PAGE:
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Thread: Unaccounted members 500 Sqdn, June 1940

  1. #1
    Bart FM Droog Guest

    Default Unaccounted members 500 Sqdn, June 1940

    According to the CWGC these two men belonged to 500 Squadron, Coastal Command, flying Avro Ansons. They are not mentioned in Ross McNeills CC Losses 1939-1941 (losses June 1940).

    Aircraftman 2nd Class William J. Smith, RAF (AAF) 812204, 500 Sqdn., age 27, 05/06/1940, Sittingbourne Cemetery, UK

    Sergeant (W.Op./Air Gnr.) Alexander Scott, RAFVR 759142, 500 Sqdn., age 19, 19/06/1940, Medjez-el-Bab War Cemetery, Tunisia

    Does anyone know more about these two men?

    Regards,

    bart

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    Hi Bart
    I think you question the Sqn for Alexander Scott. 500 didn't go to the Med until Nov '42 although the time of his death is right at of the end of the capture of France and he might have been taking an a/c out to the Med for another unit on the orders of OADU. Jeffords RAF Sqns makes no mention of a 500 Sqn detachment from their base at Detling. The other possibility might be that the death date is incorrect and was post Nov 42. I don't know the history of the cemetery but it might not be the first place in which he was buried. Medjez -el-Bab was not in Allied hands until early 43 and I am not sure of it's status vis-a-vis the French/Vichy French.
    Regards
    Dick

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    Come up with the following for Scott.


    18 June 1940.
    Blenheim Delivery Flight.
    Blenheim IV L9263
    Delivery Flight.

    Crew.
    S/L. G A M. Pryde DFC
    Sgt. L A. Hibbett
    Sgt. A. Scott.

    Enroute from Tangmere to Malta via Marignane, Provence. Suffered engine failure on take-off from Marignane and hit boundary fence. Not repaired before the capitulation of France.

    18 June 1940.
    Blenheim Delivery flight.
    Blenheim IV L9334.
    Op: Delivery Flight.

    Crew.
    S/D. G A M. Pryde DFC +
    Sgt. L A. Hibbett +
    Sgt. A. Scott +

    Took off 1730 hrs Marignane on the third leg of the flight to Malta. Overshot the island and on approaching the Tunisian coast crashed into the sea. The pilot and WOp/Ag were killed instantly and Sgt Hibbett died two days later. Sgt Scott is buried in Medjez-el-Bab War Cemetery. The others are commemorated on the Runnymede Memorial.

    RAF Bomber Command Losses In the Middle East and Mediterranean. Gunby - Temple.

    Regards
    Peter
    Last edited by peter; 29th February 2008 at 12:54.

  4. #4
    Bart FM Droog Guest

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    Hello Dick,

    Well, Alexander Scott is the most puzzling of the two. But both men have my interest.

    Medjez-el-Bab can be found on Google Maps as Mejez el Bab; http://maps.google.com/maps?q=Mejez-el-Bab - I think the cemetery is a green field north of the P5, circa 3 km west of the town.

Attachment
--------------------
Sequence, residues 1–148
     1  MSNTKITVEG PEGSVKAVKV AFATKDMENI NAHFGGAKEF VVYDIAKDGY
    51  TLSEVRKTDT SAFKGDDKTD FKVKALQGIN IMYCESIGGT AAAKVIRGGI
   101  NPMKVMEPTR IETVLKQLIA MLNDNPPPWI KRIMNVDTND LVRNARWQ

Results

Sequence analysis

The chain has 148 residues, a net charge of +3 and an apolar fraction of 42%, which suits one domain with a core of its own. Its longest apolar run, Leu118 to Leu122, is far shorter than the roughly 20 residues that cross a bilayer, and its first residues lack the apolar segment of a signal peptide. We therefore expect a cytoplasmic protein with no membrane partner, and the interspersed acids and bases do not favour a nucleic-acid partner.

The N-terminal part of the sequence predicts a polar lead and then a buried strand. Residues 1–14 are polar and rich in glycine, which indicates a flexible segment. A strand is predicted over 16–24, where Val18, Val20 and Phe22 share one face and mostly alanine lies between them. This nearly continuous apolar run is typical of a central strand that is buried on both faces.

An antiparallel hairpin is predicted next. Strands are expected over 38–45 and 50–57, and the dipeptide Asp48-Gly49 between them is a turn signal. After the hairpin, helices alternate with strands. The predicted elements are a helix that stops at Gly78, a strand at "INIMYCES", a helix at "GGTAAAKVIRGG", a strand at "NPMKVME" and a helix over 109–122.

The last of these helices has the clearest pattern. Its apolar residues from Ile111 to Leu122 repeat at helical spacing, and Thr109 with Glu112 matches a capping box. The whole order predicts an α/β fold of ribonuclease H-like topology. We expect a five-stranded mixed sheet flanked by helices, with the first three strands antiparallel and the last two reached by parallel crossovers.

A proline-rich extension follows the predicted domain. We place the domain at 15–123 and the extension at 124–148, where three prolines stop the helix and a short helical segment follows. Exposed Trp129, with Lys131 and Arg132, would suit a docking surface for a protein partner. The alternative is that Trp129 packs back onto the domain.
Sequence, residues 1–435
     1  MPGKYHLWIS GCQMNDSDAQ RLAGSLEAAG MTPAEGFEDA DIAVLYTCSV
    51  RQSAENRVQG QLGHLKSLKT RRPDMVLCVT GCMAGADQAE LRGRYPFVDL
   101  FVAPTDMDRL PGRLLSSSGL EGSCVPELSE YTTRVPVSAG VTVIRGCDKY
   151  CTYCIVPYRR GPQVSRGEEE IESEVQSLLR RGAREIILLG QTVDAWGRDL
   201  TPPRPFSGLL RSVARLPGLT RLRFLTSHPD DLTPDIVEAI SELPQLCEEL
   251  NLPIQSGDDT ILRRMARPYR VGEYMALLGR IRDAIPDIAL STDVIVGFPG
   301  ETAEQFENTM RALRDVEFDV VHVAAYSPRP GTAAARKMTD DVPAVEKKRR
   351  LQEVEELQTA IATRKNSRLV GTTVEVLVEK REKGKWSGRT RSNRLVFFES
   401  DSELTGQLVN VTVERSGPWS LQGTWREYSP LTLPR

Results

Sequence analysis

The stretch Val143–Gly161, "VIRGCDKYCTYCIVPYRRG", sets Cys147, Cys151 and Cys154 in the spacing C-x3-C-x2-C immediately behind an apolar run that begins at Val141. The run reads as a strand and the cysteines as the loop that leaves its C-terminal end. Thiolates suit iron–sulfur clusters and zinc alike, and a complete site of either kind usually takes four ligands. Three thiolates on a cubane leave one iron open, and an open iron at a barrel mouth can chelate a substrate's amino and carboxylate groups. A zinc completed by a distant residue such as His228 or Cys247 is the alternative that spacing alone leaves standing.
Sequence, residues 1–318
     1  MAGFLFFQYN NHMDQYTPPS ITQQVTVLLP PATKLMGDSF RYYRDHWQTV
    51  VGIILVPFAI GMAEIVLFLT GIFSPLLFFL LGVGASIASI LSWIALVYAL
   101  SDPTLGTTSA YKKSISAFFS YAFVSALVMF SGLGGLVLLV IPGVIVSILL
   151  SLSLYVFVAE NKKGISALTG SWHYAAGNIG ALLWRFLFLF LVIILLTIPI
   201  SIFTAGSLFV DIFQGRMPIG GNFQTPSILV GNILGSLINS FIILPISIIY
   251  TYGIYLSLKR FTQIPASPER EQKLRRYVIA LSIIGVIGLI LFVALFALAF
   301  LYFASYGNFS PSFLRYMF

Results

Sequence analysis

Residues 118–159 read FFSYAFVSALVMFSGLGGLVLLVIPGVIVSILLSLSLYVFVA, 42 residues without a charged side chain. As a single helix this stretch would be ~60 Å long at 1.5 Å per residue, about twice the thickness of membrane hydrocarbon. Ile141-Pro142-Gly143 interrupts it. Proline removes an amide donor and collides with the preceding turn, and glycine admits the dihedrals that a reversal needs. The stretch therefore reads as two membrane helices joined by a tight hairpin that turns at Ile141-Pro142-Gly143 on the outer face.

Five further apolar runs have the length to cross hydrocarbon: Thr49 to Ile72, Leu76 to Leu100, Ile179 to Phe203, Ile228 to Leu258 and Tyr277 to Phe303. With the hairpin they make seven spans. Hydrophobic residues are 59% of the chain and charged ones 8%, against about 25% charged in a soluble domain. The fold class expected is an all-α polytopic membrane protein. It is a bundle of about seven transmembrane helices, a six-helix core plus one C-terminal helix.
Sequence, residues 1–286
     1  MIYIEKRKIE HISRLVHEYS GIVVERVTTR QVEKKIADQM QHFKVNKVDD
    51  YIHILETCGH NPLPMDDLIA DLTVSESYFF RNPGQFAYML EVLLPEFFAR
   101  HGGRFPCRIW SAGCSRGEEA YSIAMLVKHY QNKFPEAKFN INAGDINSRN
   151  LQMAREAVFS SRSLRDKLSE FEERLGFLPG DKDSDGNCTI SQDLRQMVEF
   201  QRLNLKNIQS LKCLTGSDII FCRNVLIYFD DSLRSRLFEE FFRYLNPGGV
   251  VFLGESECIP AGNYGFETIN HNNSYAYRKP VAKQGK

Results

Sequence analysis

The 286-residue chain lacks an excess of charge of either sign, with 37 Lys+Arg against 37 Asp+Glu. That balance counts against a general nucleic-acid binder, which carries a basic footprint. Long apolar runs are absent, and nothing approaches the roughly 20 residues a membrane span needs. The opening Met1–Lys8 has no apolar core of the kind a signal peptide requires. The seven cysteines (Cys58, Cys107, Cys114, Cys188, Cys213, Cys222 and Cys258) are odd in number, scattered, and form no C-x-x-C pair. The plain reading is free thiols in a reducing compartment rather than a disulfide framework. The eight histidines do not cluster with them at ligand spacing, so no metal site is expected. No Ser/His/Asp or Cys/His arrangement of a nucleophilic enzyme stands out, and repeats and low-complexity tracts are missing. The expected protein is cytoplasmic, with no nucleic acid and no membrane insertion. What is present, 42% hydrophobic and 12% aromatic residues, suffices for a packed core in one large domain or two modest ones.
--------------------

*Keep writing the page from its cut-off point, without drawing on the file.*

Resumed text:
I looked just through the cemetery register and found one other casualty from 1940:

    Lieutenant (A) John A. Robins, RN, H.M.S. "Ark Royal", age 33, 01/08/1940

    As most of the First World War casualties buried here were sailors one can assume indeed that Alexander Scott and Lt Robins were originally buried elsewhere - perhaps in one of the the two cemeteries where the First World War casualties came from, Tunis (Belvedere) Cemetery and Carthage (Basilica Karita) Cemetery. Both in coastal regions.

    It's my guess that his body drifted ashore in Tunisia. But if, as you say, 'he might have been taking an a/c out to the Med for another unit on the orders of OADU', what happened to the rest of the crew? Sgt Scott wasn't a pilot, so there must have been others.

    The two or three year mistake sounds unlikely to me - especially because of the presence of another 1940 casualty in this cemetery.

    Intrigueing enough a Bristol Bombay of 216 Sqdn crashed in or near Libya on 21/06/1940. The four crew members are buried in Knightsbridge War Cemetery, Acroma. They are:

    Flight Sergeant (Pilot) Benjamin T.M. Baker, RAF 563729, 216 Sqdn., age 27
    Leading Aircraftman Alfred F. Crohill, RAF 518932, 216 Sqdn., age unknown
    Corporal (W. Op./U/T. Air Gnr) William C. Royle, RAF 518637, 216 Sqdn., age 23
    Flight Lieutenant (Pilot) John B.W. Smith, RAF 37214, 216 Sqdn., age 26

    Could Sgt Scott have been aboard this plane? Unfortunately I know very little about this crash - but it's the only plane I know of which might be linked to Sgt Scott. On the other hand: if this plane crashed in sea, it would be unlikely that four crew members were buried in the same cemetery.

    Regards,

    Bart
    Last edited by Bart FM Droog; 29th February 2008 at 13:57. Reason: typo

  5. #5
    Bart FM Droog Guest

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    Hello Peter,

    As you were posting your reply, I was busy typing mine. So thanks, the Sgt Scott-mystery is solved. But a new mystery begins: 'Sgt Hibbett [from the Blenheim Delivery Flight] died two days later'. One would suspect he died in a hospital. Yet he has no known grave. Does anyone know why?

    Anyhow, regarding 500 Squadron:

    Aircraftman 2nd Class William J. Smith, RAF (AAF) 812204, 500 Sqdn., age 27, 05/06/1940, Sittingbourne Cemetery, UK